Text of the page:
“We think the future of creator monetization is collaboration,” said Joseph Albanese, the C.E.O. and a founder of Stir. “We let creators take any place they make money, whether it’s a YouTube video or Shopify store, and split the revenue with other creators.”
The crypto world has also proved enticing for creators looking to monetize interactions.
Rally.io, a crypto platform, allows creators to start their own digital currency in order to build independent economies with their fans. Fans can purchase the creator’s currency and use it to unlock exclusive or unreleased content.
The Clubhouse star Bomani X has begun offering his own $BOO Coin currency and the Twitch creator FanHOTS has introduced $FAN Coin; fans who hold the coin can use it to choose which character he will play in online games.
And then there is the world of nonfungible tokens (NFTs), which are pieces of digital art and media that live online. Though anyone can see an NFT on the internet — buyers do not get to “own” anything in a physical sense — they have become a fast-growing market. The pieces of digital media function as rare collectibles. The YouTube star Logan Paul recently sold $5 million worth of NFTs.
“There’s a potential to earn a huge amount of money,” said Joshua Wanders, 30, a YouTube creator with more than 8.7 million subscribers. “It’s pretty much 100 percent profit driven by mania.”
Last week, Mr. Wanders and four other creators released photos of their feet as NFTs. (What makes these images NFTs is blockchain technology, which can be used as an immovable record to designate authenticity in ownership.)
The creators uploaded their feet photos onto an auction site and livestreamed the bidding. The livestream was also monetized.
Zack Honarvar, 27, the founder of the talent management firm One Day Entertainment, said that he and Airrack, a creator he manages, have been playing around with using NFTs to give fans “shares” of a YouTube video.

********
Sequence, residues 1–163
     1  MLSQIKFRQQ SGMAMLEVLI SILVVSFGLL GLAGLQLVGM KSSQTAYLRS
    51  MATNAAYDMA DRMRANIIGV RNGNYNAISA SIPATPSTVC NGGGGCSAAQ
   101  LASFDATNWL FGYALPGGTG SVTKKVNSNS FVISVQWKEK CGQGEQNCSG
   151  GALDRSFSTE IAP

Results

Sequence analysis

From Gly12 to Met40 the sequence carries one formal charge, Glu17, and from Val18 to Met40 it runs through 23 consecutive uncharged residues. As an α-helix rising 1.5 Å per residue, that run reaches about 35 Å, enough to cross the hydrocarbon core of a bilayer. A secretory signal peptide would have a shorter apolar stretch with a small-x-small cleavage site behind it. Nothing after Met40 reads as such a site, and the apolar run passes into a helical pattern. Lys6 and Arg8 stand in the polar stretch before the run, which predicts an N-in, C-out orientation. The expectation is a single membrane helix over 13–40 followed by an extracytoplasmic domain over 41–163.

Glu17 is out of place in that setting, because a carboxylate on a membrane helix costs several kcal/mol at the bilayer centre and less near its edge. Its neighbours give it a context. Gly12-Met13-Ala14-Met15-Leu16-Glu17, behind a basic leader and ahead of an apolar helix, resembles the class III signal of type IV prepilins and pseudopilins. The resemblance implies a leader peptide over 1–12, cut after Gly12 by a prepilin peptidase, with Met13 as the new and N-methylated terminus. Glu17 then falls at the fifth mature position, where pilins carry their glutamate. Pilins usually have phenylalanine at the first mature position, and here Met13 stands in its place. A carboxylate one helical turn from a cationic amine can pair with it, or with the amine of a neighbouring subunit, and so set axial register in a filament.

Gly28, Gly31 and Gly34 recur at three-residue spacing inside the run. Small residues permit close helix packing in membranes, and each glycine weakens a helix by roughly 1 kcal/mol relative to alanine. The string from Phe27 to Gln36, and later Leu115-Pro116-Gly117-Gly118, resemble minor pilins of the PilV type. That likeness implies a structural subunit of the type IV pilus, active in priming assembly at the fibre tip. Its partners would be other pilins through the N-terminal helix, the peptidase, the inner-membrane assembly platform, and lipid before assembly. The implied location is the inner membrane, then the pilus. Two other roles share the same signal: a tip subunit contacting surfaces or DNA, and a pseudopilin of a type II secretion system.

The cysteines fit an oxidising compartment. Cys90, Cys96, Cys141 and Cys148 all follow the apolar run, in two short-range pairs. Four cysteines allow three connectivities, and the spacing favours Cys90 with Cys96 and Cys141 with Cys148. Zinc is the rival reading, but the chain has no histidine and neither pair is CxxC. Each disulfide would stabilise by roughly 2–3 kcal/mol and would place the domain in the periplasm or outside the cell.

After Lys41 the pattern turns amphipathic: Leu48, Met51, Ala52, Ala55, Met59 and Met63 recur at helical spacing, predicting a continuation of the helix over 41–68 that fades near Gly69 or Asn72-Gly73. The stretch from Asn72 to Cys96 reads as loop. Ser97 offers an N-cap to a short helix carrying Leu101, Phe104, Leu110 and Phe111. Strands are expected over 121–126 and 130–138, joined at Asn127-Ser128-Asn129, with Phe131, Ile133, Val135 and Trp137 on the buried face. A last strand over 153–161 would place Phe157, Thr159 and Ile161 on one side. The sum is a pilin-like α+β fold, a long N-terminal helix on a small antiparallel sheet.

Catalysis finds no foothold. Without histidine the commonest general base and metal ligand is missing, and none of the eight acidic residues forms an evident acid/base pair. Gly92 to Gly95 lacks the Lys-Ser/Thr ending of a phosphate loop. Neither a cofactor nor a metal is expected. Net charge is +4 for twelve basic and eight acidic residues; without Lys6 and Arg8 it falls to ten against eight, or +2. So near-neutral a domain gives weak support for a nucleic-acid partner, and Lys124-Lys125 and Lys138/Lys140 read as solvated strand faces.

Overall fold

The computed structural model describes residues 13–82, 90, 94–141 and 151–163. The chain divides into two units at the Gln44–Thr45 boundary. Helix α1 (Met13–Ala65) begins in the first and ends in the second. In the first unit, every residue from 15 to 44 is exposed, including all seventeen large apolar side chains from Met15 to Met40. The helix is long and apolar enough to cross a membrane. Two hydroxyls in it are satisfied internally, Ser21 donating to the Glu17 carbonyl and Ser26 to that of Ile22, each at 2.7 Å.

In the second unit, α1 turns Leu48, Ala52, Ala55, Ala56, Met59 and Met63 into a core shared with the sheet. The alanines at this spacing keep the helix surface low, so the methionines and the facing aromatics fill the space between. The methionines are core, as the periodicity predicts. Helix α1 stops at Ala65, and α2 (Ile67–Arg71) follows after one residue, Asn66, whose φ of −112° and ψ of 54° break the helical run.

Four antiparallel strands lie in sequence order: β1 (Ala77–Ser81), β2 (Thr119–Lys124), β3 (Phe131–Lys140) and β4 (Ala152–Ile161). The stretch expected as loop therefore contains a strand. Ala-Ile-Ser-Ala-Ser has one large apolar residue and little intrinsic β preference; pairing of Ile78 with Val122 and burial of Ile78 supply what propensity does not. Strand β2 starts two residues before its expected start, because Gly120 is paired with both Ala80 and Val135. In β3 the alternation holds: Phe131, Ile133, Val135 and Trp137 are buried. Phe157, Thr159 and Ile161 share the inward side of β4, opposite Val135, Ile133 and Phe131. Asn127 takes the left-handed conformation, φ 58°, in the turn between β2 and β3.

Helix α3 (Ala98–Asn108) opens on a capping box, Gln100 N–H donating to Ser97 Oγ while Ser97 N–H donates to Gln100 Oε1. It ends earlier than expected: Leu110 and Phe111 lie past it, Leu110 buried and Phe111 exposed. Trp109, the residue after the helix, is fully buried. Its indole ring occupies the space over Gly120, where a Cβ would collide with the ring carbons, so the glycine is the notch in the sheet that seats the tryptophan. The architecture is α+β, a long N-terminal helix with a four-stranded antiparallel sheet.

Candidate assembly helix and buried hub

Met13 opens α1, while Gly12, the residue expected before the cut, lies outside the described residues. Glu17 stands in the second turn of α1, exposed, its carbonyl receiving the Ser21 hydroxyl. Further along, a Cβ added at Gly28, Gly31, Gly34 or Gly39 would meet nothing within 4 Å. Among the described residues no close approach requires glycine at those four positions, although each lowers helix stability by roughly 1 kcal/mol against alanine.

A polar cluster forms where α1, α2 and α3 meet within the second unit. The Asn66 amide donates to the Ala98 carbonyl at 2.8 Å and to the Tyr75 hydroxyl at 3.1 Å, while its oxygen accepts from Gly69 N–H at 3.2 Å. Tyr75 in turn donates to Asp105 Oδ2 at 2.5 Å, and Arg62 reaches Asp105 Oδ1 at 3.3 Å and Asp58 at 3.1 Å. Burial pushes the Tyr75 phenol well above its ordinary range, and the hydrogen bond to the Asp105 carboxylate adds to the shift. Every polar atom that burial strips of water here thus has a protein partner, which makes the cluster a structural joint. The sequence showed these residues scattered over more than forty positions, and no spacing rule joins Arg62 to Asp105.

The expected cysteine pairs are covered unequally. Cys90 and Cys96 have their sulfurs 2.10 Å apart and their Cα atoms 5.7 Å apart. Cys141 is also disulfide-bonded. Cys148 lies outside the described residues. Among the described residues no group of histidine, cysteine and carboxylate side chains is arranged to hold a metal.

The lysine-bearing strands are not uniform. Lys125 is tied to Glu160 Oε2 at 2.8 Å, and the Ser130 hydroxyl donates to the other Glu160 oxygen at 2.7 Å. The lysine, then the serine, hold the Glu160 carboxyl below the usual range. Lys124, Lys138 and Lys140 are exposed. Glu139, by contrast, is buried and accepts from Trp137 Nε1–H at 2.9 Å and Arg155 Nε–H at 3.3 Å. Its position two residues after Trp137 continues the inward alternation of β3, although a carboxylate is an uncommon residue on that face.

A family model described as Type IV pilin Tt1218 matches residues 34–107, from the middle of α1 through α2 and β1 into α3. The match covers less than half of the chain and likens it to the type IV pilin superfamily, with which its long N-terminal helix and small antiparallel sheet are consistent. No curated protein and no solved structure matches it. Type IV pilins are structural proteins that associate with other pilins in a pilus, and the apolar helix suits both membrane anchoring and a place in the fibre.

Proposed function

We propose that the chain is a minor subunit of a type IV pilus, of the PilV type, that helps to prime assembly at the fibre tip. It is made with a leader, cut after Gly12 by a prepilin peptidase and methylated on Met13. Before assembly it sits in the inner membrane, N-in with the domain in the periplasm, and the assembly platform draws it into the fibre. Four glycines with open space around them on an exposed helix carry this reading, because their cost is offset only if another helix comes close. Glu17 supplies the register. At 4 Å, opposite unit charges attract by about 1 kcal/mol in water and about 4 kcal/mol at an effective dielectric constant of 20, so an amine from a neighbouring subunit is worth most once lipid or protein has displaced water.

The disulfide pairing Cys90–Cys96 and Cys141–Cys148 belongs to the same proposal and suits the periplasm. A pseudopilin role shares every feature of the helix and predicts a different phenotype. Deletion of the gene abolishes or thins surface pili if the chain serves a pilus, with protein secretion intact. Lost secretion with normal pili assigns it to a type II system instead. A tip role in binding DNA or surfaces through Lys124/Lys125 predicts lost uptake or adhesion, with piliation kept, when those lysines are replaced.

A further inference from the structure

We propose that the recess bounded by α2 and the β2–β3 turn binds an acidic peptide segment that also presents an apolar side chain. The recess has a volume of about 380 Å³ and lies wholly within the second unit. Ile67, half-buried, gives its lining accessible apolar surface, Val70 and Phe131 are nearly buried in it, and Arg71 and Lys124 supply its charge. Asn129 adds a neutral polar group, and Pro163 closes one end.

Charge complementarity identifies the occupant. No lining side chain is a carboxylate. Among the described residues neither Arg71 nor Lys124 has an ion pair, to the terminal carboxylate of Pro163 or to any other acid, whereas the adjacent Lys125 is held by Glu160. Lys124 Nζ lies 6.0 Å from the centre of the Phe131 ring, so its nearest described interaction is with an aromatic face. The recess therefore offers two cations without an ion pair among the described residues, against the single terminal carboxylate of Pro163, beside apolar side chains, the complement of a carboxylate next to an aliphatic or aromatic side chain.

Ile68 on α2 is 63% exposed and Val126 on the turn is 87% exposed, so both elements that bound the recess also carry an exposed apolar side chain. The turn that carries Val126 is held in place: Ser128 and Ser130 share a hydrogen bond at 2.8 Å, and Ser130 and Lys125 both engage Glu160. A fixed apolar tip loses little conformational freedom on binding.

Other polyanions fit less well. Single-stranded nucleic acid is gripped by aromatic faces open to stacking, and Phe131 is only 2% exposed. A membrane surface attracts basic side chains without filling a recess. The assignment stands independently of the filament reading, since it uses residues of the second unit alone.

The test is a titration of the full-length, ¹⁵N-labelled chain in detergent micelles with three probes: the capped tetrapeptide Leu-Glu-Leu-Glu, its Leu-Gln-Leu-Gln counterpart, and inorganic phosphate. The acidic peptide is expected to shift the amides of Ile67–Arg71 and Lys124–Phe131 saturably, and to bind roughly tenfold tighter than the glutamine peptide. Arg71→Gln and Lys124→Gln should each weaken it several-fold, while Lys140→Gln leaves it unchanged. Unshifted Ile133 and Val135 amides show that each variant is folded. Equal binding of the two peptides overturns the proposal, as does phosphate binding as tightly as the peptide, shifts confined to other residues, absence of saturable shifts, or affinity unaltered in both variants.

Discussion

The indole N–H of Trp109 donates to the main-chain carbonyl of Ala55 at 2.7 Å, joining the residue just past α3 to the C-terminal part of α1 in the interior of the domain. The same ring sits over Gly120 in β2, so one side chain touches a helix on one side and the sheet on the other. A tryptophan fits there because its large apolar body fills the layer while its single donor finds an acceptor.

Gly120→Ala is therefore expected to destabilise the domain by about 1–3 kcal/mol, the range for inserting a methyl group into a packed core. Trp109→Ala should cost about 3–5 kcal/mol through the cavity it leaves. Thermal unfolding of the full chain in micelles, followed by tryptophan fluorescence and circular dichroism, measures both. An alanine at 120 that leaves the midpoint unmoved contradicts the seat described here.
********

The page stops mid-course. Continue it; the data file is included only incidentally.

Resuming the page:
“Before the video goes up, we could break it into, say, 10 clips, then mint those 10 clips as NFTs,” Mr. Honarvar said. “When someone buys that NFT, that person would be entitled to a one tenth split in ad revenue from the video. By buying in advance you’d become a shareholder of that video.”
The goal would be to use NFTs to create a wholly decentralized fan-owned and fan-operated YouTube channel. “A YouTube channel in which the fans can dictate everything,” Mr. Honarvar said.
The only hurdle is the Securities and Exchange Commission, which does not allow NFT sellers to guarantee revenue as part of ownership.
Still, to Mr. Wanders and other creators, these schemes feel safer than building businesses solely on social platforms, which can prove fickle. Their algorithms and community standards can change, as can their monetization structures — not to mention, they could go out of business. “With the internet and YouTube, there’s always the concern of being demonetized and having your channel canceled,” he said, “so people are always looking for alternative ways to earn money. You never know where the platforms are going to take you at the end of the day.”
Pay to Play, but for Creator Drama
As creators concoct new ways to monetize their followings, Elijah Daniel, 26, a creator in Los Angeles, is helping followers put a price on the creators. On Friday, he launched the Clout Market, which is a little bit like trading cards, but of influencers.
The Clout Market offers 10 million NFTs representing top creators including Trisha Paytas, James Charles, Bryce Hall, David Dobrik and Jeffree Star. The NFTs are designed to look like Pokemon cards with pixelated images of each creator. The cards carry parody names for legal purposes, Mr. Daniel said, so Tana Mongeau’s card reads “Tana Mongoose.”
The price for these items is determined by the creator’s relevance online. Mr. Daniel worked with a developer to create a dynamic pricing structure that adjusts prices in real time. (It pulls from social and analytics platforms data.) If a creator loses or gains followers or trends on Twitter, the price of the NFT Mr. Daniel created for them will go up or down.
Mr. Daniel said the goal of selling these NFTs is to let fans monetize the drama surrounding their favorite influencers. “A lot of fans will buy these for support,” he said, “haters will buy them to bet on people’s downfall.”
“Influencers and social media stars are making so much money off drama and scandals,” he said, “and most of them are fake. This is a way for the fans who follow along so heavily with everything to be able to invest in those scandals and make money too.”
He added: “If we have to go through another scandal, we all better be getting paid for it.”
“This is the first-wave of creators adopting new technologies to connect with an already engaged fan-base,” said Jeremiah Owyang, a creator adviser to Rally.io. “But instead of it being one-way and solely transactional,” he said, “the fans are as much part of the creation experience as the creator.”